Published online by Cambridge University Press: 28 June 2019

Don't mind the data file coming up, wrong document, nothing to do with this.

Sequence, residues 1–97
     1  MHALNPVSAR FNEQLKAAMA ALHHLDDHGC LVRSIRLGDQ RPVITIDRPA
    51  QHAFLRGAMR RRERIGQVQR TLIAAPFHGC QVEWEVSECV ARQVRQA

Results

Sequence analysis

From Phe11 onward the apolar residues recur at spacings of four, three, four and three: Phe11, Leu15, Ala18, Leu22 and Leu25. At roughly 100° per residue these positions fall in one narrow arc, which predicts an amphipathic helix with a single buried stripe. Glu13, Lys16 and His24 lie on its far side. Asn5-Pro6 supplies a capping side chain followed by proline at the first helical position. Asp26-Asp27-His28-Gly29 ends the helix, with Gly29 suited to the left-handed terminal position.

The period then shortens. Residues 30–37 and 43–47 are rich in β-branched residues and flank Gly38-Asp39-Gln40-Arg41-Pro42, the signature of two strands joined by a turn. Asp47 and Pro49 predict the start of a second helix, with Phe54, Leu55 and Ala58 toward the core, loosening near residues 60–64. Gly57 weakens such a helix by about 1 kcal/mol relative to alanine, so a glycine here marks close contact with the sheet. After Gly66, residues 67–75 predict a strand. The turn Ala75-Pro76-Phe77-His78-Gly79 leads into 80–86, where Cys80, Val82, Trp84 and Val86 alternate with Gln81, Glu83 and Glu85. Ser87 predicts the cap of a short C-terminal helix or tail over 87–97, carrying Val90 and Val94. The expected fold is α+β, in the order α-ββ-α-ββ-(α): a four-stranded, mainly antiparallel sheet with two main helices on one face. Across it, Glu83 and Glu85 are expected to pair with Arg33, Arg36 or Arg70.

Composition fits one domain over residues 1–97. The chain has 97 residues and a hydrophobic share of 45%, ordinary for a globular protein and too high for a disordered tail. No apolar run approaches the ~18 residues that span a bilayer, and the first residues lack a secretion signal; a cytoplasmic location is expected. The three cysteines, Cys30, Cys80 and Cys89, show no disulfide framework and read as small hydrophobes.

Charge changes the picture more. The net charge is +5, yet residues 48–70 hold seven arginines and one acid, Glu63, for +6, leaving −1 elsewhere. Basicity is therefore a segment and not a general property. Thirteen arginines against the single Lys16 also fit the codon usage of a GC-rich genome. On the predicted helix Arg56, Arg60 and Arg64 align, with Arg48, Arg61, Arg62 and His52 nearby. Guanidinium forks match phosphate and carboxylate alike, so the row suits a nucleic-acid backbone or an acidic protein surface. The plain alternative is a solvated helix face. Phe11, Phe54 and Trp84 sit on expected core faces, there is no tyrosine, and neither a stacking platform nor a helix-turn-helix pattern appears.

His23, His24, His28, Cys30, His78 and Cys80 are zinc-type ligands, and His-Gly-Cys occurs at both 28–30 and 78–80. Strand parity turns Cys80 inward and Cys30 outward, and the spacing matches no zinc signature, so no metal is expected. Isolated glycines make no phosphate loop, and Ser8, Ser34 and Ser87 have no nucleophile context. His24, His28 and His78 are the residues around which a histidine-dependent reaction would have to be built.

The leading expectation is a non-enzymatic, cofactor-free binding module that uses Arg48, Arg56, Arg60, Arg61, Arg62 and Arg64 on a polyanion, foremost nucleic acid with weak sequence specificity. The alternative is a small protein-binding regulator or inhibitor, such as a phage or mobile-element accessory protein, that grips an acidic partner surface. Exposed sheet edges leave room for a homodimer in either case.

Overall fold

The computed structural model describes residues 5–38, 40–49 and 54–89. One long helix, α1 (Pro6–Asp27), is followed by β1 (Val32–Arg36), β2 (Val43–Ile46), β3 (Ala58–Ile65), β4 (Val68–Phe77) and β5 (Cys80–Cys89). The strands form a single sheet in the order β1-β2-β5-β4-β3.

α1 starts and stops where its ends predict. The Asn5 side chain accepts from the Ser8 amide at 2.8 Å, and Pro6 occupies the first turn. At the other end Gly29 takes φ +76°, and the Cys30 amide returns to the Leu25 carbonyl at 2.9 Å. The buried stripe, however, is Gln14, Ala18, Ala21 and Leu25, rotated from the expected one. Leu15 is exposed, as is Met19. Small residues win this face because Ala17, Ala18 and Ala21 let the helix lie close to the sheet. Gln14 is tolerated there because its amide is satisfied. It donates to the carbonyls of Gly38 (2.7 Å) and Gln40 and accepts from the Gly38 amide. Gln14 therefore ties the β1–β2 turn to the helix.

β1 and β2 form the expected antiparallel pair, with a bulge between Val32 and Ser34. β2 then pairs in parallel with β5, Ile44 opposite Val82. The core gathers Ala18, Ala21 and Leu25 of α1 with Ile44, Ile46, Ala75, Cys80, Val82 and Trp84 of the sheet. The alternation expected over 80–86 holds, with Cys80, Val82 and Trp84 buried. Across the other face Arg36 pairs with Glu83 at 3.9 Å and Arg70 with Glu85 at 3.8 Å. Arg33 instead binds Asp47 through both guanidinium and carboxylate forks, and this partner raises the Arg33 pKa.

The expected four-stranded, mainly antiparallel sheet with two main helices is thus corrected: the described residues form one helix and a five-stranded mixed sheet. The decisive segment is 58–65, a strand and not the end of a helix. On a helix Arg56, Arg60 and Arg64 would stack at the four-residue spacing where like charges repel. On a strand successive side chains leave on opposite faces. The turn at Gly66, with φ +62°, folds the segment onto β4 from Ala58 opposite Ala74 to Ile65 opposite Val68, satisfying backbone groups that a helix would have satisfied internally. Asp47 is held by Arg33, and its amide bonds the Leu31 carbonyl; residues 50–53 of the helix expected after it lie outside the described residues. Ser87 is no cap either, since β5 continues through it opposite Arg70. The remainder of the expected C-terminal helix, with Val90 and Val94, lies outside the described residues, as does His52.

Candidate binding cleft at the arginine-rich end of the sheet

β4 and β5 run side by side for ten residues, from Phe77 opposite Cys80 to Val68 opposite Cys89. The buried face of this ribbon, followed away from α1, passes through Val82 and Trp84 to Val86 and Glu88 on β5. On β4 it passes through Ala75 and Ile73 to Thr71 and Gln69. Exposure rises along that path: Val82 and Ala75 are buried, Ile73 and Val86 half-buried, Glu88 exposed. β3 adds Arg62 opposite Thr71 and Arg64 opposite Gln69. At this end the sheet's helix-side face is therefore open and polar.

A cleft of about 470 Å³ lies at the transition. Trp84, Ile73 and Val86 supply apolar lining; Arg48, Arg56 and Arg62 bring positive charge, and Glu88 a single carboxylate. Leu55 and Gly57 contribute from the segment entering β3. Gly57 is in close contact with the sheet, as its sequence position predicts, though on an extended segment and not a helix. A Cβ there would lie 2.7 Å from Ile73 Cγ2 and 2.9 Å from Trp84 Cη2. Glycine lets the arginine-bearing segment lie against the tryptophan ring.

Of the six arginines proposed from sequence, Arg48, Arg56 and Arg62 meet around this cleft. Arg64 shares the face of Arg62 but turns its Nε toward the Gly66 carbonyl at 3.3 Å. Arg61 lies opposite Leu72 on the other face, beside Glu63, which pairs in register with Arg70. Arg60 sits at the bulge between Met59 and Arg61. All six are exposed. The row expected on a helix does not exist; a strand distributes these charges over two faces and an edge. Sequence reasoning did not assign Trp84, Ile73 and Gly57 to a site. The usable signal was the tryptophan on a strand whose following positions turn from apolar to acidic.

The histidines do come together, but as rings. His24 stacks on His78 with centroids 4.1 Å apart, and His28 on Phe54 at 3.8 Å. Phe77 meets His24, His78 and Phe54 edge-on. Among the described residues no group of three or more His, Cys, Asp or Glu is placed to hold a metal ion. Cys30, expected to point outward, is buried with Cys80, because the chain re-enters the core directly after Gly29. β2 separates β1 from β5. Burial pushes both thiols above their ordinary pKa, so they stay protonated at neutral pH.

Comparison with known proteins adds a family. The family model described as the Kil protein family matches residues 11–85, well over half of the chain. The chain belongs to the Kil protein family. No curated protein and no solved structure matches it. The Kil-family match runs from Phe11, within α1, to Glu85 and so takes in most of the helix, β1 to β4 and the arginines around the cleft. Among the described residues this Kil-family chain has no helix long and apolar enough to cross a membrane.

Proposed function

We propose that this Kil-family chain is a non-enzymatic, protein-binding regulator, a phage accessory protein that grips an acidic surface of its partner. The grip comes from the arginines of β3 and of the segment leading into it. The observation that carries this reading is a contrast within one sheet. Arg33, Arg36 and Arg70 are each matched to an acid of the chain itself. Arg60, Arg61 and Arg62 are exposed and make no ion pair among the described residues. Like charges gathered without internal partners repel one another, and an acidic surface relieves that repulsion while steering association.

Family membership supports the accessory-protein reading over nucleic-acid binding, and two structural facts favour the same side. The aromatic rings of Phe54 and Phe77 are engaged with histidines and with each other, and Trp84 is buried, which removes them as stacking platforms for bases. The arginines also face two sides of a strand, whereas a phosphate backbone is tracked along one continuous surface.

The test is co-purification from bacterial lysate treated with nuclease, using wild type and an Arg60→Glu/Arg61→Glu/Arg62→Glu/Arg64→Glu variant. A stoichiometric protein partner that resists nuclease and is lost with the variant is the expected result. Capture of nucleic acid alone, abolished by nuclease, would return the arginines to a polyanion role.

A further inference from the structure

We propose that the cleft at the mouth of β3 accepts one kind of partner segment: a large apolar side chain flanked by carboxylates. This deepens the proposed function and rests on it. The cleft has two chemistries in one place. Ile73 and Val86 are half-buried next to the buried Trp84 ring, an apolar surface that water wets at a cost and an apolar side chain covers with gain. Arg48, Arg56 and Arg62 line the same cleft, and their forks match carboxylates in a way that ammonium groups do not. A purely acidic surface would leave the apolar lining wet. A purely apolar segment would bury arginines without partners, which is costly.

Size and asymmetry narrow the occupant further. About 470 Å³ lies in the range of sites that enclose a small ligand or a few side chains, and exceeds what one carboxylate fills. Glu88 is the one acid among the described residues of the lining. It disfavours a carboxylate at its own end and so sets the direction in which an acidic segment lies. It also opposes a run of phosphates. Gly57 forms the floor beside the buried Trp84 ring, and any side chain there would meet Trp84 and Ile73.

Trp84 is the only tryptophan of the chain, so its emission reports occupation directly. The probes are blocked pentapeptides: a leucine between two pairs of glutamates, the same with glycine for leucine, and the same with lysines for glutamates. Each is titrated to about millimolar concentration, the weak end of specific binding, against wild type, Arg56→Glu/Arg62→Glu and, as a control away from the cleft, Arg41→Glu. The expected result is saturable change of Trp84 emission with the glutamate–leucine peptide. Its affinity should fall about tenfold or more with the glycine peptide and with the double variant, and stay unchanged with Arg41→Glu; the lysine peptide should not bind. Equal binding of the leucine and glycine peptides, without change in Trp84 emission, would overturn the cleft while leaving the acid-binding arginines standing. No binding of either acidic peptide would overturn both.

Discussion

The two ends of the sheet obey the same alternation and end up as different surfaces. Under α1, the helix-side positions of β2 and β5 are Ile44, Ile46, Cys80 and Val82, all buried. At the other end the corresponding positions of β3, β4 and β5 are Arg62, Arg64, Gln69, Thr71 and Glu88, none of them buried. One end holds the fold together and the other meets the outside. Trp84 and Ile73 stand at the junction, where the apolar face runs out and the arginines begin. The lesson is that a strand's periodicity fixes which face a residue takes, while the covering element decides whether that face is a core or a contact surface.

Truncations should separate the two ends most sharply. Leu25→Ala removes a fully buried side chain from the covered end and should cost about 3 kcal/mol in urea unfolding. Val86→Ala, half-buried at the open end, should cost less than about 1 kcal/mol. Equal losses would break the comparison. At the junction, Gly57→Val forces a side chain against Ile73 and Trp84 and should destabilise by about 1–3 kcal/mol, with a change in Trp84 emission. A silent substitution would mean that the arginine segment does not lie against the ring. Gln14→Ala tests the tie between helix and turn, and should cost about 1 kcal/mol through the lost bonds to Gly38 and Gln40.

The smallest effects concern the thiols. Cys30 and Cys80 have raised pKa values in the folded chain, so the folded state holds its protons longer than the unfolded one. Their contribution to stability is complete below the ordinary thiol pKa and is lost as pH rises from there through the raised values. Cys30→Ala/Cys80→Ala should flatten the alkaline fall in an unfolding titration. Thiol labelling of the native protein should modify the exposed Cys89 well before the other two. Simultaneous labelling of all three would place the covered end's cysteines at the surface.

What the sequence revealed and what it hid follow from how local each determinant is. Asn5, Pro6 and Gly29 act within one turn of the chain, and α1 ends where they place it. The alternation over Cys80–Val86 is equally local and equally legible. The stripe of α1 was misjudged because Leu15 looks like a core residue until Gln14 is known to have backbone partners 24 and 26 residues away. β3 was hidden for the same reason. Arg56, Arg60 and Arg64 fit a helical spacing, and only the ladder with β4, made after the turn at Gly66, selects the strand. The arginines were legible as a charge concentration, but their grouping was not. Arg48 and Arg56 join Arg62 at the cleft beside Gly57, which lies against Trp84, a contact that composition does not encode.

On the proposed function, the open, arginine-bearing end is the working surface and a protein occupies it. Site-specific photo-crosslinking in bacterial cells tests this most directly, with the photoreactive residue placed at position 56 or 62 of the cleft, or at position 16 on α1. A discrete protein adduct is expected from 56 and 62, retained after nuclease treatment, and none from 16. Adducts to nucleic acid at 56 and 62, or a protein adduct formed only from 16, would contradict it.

Dinobdella ferox is the most reported and studied leech species parasitizing mammalian mucus membranes. However, our knowledge of D. ferox during parasitizing and its effects on hosts has remained limited. To investigate the behaviour of D. ferox in the parasitic period and the subsequent host symptoms, the author was infested voluntarily with three juvenile leeches under regularly-conducted examinations of complete blood count (CBC) and nasal endoscopy (NE). After the first head protrusion of the parasitizing leech at the host nostril, the occurrence of bleeding-related symptoms decreased and ceased completely weeks before the end of the parasitic period. Negligible impacts of the parasitizing leech on the host were shown by CBCs, and a parasitizing leech was able to hide from NE despite being so large it at times protrudes out of the host nostril. Finally, parasitizing D. ferox were coaxed to emerge at the nostril by water only after their first head protrusion, indicating that non-invasive removal of parasitizing D. ferox before head protrusion might be difficult. Through the voluntary infestation, the full documentation of behaviours of D. ferox in the parasitic period and host symptoms shown in this study will promote better diagnoses and treatments of nasal leech infestation.